Many criminal charges in Arizona come with stiff penalties, including time in county jail or prison. Probation is always a more favorable option for a defendant than incarceration. With this alternative to incarceration for a criminal conviction, you can return to your community and remain there as long as you adhere to the rules the court imposes for the probationary term. These rules depend on the type of criminal conviction and the defendant’s criminal history. Probation provides a means for law enforcement to monitor someone convicted of a crime without them remaining in the state’s prison system. It also restricts some of the convicted individual’s rights. Arizona law sometimes refers to probation as community supervision.
Depending on the nature of the conviction and the defendant’s background, the judge may impose one of three types of probation in Arizona:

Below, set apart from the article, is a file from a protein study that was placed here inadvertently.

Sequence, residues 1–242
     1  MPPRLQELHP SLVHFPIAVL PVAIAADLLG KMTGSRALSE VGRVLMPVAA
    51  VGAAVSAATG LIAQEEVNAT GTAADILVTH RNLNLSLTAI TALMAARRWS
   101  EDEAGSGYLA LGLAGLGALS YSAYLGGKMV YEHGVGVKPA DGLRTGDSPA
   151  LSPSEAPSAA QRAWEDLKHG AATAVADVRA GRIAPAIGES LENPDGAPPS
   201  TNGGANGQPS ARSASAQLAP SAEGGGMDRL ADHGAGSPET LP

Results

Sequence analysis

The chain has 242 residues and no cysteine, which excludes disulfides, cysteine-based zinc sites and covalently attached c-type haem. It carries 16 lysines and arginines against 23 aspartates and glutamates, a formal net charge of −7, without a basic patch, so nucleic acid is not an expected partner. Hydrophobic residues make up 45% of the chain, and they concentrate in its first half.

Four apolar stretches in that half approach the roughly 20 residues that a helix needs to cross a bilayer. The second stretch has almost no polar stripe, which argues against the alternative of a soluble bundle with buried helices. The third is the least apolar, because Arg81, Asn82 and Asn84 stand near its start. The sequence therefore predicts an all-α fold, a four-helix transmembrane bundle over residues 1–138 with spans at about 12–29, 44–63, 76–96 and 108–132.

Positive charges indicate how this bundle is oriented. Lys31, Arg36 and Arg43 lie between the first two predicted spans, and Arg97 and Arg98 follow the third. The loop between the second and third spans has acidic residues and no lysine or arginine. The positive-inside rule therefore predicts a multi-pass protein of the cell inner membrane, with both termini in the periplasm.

While all types of probation are preferable to prison time, probation is not an available option for some types of crimes or for those with extensive criminal histories
Depending on the circumstances and the criminal history of the convicted individual in Arizona, your Arizona criminal attorney can seek probation for a conviction for many non-dangerous crimes, especially for first offenders; however, the following crimes are ineligible for probation:
Before seeking probation for a criminal conviction in Arizona, it’s important to understand some of the most common probationary terms judges often set including:
In some cases, probation may include a term of house arrest with an ankle monitor. Probationary periods are at the discretion of the judge in a criminal case but largely depend on the type of criminal conviction. A criminal defense attorney in Phoenix can help you navigate your legal options relative to Arizona criminal charges.